Brian Cochran gleefully adds up the totals from the chocolate sale, excited to report the “staggeringly” inflated sales to Brother Leon and give him good news at last. Brian is uncertain as to how the numbers changed so quickly, but has witnessed the feverish salesmanship all over school and has heard rumors that the Vigils are behind the resurgence of interest. Brian knows that “more prominent” Vigils members have been bullying kids into selling chocolates, and loading up their own cars with chocolates and going off selling after school.
Brian Cochran can see very clearly what is happening—the Vigils are manipulating the chocolate sale and attempting to get the entire school back on board—but is too afraid of compromising his own new good standing within the school and within Brother Leon’s good graces to say anything.
The “creepy” thing about the soaring sales, Brian notes, is how the boxes sold are evenly distributed among all the students. Just a few minutes ago, Carter brought in a wad of money, asked to see the roster, and then ordered Brian how to distribute the sales among students’ names. Brian doesn’t think this is quite fair, but also doesn’t want to draw attention to himself.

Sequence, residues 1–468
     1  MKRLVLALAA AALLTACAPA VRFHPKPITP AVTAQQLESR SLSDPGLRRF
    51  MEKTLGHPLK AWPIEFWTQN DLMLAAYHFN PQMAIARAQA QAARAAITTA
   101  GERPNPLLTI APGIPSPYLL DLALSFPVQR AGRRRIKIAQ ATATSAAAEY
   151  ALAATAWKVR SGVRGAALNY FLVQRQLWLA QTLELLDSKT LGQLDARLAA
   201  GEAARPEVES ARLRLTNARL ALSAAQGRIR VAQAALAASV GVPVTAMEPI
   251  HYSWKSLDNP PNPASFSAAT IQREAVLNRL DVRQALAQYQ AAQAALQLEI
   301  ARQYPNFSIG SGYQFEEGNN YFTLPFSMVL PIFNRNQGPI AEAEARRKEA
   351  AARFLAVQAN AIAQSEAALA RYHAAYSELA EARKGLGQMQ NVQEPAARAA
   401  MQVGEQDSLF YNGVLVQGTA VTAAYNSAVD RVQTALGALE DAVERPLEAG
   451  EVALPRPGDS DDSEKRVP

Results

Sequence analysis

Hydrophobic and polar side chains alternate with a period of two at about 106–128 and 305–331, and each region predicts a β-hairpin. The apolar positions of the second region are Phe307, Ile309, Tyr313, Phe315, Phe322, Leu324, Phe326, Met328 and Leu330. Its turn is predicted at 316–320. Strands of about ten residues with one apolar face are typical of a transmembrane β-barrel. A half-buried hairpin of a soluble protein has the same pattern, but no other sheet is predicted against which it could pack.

Brian Cochran is a weapon of the Vigils, too, without knowing it. He is part of their campaign against Jerry through his reluctance to stand up for what is right—he is just part of another cruel Trinity tradition.
Brother Leon arrives in the classroom, and together the two double-check the figures. Fifteen thousand and ten boxes have been sold—there are roughly five thousand to go. Brother Leon is practically giddy. After their meeting, when Brian walks into the assembly hall to post the latest figures, he is met with cheers from the other students. Brian feels like a “hero.”
Any chance that Brian would stand up for what is right is demolished when Brian finds himself enjoying a newfound popularity amongst his classmates. He does not have to be afraid anymore due to his important role within the now-popular chocolate sale.